Philanthropy and Need: Oil and Water in Sonoma Valley?

Talent-pipeline

May 11, 2017; Sonoma Valley Sun

Charity is perceived by most today as a means to a more equal and just end. And while many nonprofit organizations strive to provide services and resources to alleviate economic, educational, health, and social disparities, some report that their portion of the $373 billion in charitable giving that the sector sees each year is not adequately keeping up with the simultaneously growing need in their communities.

New data released by the Sonoma Valley Fund illustrate a significant gap between a rather robust philanthropic pipeline and the fulfilled needs of those who rely on such support. According to the study, organizations in Sonoma Valley generated more than $113 million in revenue in 2014, a 23 percent increase from 2011 (the most recent years for which data are made available). Philanthropic investments from individuals represent about 30 percent, or roughly $34 million, of that total. While the sector’s revenue stream is critical to the vitality of the community (Sonoma Valley’s operating budget is just over $31 million), the study uncovers an imbalance between these figures and the rapidly diversifying needs of individuals that these same organizations stand to serve.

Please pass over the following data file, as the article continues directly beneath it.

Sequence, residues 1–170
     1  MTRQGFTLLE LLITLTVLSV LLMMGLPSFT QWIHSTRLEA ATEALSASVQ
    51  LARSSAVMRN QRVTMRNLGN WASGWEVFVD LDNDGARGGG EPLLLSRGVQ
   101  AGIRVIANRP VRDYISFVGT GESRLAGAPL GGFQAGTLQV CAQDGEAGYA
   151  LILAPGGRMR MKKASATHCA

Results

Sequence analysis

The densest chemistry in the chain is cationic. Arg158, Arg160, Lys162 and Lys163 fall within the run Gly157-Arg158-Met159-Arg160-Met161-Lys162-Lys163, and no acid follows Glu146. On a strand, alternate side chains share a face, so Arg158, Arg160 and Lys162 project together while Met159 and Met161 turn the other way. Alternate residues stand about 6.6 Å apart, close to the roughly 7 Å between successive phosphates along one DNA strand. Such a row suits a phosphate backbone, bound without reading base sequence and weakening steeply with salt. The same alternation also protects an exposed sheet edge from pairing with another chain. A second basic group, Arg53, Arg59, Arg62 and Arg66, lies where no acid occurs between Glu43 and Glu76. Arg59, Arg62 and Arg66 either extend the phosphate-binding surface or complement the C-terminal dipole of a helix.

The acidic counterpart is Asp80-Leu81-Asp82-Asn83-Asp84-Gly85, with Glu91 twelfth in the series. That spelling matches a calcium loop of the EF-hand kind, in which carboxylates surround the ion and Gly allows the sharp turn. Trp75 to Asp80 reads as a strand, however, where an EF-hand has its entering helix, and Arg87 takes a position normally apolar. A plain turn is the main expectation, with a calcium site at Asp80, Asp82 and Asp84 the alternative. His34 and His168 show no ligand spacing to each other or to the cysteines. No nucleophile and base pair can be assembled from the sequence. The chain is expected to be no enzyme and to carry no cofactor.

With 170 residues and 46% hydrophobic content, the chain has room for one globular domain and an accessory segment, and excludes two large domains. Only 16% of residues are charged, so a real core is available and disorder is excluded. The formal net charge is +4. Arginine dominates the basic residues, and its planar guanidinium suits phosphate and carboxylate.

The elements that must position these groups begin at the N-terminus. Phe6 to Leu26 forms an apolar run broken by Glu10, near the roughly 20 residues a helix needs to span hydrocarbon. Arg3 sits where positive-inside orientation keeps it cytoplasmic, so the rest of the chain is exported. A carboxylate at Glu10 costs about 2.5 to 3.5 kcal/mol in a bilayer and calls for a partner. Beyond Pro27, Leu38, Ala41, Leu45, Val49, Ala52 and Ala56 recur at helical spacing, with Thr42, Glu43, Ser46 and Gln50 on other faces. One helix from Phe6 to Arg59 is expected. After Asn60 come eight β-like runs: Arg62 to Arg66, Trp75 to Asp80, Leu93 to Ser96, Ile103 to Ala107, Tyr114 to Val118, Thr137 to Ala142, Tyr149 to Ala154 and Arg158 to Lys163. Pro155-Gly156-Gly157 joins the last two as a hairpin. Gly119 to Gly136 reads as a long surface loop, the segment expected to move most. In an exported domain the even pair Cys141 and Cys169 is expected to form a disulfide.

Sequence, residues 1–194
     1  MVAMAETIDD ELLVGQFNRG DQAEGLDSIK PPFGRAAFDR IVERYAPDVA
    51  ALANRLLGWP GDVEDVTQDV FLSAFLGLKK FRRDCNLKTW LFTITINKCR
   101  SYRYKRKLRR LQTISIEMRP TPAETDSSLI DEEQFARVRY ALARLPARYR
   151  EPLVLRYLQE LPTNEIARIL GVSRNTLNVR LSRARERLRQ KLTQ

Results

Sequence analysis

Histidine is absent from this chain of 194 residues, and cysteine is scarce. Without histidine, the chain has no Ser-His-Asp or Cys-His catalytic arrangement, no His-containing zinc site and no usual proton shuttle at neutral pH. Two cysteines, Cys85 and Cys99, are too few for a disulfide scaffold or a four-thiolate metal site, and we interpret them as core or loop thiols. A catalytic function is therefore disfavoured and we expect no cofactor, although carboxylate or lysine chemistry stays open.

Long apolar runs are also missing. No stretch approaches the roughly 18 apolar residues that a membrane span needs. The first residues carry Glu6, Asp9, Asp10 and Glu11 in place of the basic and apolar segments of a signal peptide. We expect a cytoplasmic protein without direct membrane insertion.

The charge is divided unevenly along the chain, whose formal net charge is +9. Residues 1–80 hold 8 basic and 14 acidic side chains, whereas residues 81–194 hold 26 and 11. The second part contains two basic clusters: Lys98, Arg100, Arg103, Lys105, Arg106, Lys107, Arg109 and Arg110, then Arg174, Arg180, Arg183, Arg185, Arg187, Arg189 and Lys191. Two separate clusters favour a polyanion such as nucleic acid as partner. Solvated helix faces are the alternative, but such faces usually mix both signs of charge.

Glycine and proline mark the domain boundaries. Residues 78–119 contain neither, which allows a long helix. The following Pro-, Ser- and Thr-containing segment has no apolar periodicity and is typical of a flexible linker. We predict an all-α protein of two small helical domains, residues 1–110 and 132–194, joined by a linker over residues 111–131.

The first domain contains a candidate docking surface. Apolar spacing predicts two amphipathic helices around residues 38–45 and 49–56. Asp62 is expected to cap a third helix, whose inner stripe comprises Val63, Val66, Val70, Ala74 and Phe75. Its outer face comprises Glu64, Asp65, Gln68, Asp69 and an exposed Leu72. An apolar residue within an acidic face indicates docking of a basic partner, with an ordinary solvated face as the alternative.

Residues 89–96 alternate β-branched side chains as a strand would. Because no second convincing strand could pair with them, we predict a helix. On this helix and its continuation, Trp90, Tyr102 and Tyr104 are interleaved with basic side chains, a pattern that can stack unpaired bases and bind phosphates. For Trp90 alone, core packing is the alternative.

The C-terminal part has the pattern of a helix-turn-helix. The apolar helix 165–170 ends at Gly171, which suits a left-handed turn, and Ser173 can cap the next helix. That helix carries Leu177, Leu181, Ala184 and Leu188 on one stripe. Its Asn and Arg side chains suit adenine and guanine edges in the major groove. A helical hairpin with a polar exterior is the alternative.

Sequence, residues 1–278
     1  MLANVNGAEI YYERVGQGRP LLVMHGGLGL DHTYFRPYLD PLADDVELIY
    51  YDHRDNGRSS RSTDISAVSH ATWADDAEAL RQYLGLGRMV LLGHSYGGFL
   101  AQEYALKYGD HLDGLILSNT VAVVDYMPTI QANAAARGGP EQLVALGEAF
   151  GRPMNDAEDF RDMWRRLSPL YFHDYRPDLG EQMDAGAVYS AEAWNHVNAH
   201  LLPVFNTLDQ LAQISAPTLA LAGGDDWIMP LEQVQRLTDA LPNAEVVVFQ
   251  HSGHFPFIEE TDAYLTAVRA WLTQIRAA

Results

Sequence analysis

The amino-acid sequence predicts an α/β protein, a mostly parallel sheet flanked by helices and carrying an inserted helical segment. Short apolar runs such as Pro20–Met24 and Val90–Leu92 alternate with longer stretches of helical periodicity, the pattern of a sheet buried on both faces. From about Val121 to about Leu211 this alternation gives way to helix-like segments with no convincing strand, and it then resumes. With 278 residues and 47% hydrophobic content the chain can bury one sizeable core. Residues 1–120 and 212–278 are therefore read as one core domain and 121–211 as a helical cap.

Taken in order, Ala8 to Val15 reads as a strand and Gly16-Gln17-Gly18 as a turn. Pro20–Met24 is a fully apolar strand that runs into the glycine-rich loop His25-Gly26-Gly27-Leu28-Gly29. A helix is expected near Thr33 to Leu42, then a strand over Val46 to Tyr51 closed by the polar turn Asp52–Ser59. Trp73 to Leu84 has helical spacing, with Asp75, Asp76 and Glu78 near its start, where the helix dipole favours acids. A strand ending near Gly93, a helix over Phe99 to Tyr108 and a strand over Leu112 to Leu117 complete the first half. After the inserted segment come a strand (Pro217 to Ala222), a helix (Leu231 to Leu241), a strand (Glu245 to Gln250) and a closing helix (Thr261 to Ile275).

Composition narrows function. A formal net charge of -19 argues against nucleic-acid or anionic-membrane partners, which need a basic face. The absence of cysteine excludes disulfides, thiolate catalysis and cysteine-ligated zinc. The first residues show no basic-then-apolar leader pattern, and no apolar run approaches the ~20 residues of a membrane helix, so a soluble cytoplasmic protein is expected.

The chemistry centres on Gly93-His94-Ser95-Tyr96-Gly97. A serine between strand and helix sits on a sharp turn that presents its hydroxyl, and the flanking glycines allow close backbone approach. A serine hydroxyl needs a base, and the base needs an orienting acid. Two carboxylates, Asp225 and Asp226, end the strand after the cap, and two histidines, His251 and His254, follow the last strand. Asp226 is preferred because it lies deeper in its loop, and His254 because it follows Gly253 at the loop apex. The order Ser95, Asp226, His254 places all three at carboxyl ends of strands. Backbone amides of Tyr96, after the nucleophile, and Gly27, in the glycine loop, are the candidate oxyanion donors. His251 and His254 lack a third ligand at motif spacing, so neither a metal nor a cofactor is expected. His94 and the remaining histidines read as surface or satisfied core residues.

Education and youth development were by and large the charitable breadwinners, according to the report, while healthcare organizations saw the second-highest chunk of philanthropic dollars. The other organizations needed to address some of the community’s most pressing problems are either are operationally vulnerable or hardly exist in the first place.

The aging population, a sizable demographic in the Valley, saw little help come in the form of charitable investments, as only a handful of organizations that provide direct services to seniors are established to accept contributions. As for housing, perhaps the Valley’s most dire challenge, the report reveals that no nonprofit exclusively focuses on the need for sustainable housing.

On its face, the disconnect in Sonoma Valley appears to be one worth continued research, deep dive analysis, and sound solutions. The findings, although not entirely reflective of all nonprofits and their respective communities, do reintroduce an important topic in the sector: the importance of routine, comprehensive community needs assessments as well as the need for greater collaboration between organizations. As the study summarizes, “In a world of rising needs and increased pressure on resources, good intentions will not be good enough.”—Lindsay Walker